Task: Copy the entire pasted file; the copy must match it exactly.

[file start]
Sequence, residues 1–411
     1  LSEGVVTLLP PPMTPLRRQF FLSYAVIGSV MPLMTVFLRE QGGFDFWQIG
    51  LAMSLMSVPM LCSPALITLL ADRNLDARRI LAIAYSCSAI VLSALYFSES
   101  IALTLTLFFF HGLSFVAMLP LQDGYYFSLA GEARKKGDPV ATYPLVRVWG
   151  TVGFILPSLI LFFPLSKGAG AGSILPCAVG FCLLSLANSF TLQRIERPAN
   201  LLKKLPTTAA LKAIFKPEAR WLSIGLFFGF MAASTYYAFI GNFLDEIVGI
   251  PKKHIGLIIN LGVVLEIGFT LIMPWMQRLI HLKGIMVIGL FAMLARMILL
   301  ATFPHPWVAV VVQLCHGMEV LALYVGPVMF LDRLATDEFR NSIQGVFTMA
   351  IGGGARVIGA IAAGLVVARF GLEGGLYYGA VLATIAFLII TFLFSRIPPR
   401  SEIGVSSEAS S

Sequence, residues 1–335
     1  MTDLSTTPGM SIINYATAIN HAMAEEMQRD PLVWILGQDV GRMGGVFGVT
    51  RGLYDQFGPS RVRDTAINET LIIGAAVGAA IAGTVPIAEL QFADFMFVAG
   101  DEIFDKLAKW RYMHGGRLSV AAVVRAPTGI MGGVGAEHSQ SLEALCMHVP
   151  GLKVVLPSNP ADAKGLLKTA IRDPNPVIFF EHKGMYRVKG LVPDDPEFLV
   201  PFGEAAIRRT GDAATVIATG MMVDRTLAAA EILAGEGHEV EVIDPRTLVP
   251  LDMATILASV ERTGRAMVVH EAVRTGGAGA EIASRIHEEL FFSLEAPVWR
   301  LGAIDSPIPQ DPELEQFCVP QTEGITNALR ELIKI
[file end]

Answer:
Sequence, residues 1–411
     1  LSEGVVTLLP PPMTPLRRQF FLSYAVIGSV MPLMTVFLRE QGGFDFWQIG
    51  LAMSLMSVPM LCSPALITLL ADRNLDARRI LAIAYSCSAI VLSALYFSES
   101  IALTLTLFFF HGLSFVAMLP LQDGYYFSLA GEARKKGDPV ATYPLVRVWG
   151  TVGFILPSLI LFFPLSKGAG AGSILPCAVG FCLLSLANSF TLQRIERPAN
   201  LLKKLPTTAA LKAIFKPEAR WLSIGLFFGF MAASTYYAFI GNFLDEIVGI
   251  PKKHIGLIIN LGVVLEIGFT LIMPWMQRLI HLKGIMVIGL FAMLARMILL
   301  ATFPHPWVAV VVQLCHGMEV LALYVGPVMF LDRLATDEFR NSIQGVFTMA
   351  IGGGARVIGA IAAGLVVARF GLEGGLYYGA VLATIAFLII TFLFSRIPPR
   401  SEIGVSSEAS S

Sequence, residues 1–335
     1  MTDLSTTPGM SIINYATAIN HAMAEEMQRD PLVWILGQDV GRMGGVFGVT
    51  RGLYDQFGPS RVRDTAINET LIIGAAVGAA IAGTVPIAEL QFADFMFVAG
   101  DEIFDKLAKW RYMHGGRLSV AAVVRAPTGI MGGVGAEHSQ SLEALCMHVP
   151  GLKVVLPSNP ADAKGLLKTA IRDPNPVIFF EHKGMYRVKG LVPDDPEFLV
   201  PFGEAAIRRT GDAATVIATG MMVDRTLAAA EILAGEGHEV EVIDPRTLVP
   251  LDMATILASV ERTGRAMVVH EAVRTGGAGA EIASRIHEEL FFSLEAPVWR
   301  LGAIDSPIPQ DPELEQFCVP QTEGITNALR ELIKI